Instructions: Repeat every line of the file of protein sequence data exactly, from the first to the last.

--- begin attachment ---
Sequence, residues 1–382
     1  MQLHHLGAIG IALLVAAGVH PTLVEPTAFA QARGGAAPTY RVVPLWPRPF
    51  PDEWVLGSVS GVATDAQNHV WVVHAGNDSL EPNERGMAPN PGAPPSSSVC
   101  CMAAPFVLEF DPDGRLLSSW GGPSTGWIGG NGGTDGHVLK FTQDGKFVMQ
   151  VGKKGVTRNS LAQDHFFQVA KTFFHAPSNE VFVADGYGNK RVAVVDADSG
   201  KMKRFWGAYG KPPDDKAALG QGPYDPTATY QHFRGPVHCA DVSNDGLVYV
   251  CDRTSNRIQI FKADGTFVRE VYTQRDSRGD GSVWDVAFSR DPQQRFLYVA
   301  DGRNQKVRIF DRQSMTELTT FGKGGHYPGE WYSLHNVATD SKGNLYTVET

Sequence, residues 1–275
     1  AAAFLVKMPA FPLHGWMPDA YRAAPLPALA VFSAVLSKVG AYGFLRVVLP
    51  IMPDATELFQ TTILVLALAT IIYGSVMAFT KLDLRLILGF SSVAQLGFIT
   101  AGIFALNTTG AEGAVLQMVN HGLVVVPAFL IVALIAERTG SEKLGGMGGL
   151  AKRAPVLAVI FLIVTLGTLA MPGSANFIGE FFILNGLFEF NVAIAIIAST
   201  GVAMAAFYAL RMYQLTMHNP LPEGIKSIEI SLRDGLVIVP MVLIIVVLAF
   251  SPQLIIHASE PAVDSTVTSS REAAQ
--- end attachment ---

Sequence, residues 1–382
     1  MQLHHLGAIG IALLVAAGVH PTLVEPTAFA QARGGAAPTY RVVPLWPRPF
    51  PDEWVLGSVS GVATDAQNHV WVVHAGNDSL EPNERGMAPN PGAPPSSSVC
   101  CMAAPFVLEF DPDGRLLSSW GGPSTGWIGG NGGTDGHVLK FTQDGKFVMQ
   151  VGKKGVTRNS LAQDHFFQVA KTFFHAPSNE VFVADGYGNK RVAVVDADSG
   201  KMKRFWGAYG KPPDDKAALG QGPYDPTATY QHFRGPVHCA DVSNDGLVYV
   251  CDRTSNRIQI FKADGTFVRE VYTQRDSRGD GSVWDVAFSR DPQQRFLYVA
   301  DGRNQKVRIF DRQSMTELTT FGKGGHYPGE WYSLHNVATD SKGNLYTVET

Sequence, residues 1–275
     1  AAAFLVKMPA FPLHGWMPDA YRAAPLPALA VFSAVLSKVG AYGFLRVVLP
    51  IMPDATELFQ TTILVLALAT IIYGSVMAFT KLDLRLILGF SSVAQLGFIT
   101  AGIFALNTTG AEGAVLQMVN HGLVVVPAFL IVALIAERTG SEKLGGMGGL
   151  AKRAPVLAVI FLIVTLGTLA MPGSANFIGE FFILNGLFEF NVAIAIIAST
   201  GVAMAAFYAL RMYQLTMHNP LPEGIKSIEI SLRDGLVIVP MVLIIVVLAF
   251  SPQLIIHASE PAVDSTVTSS REAAQ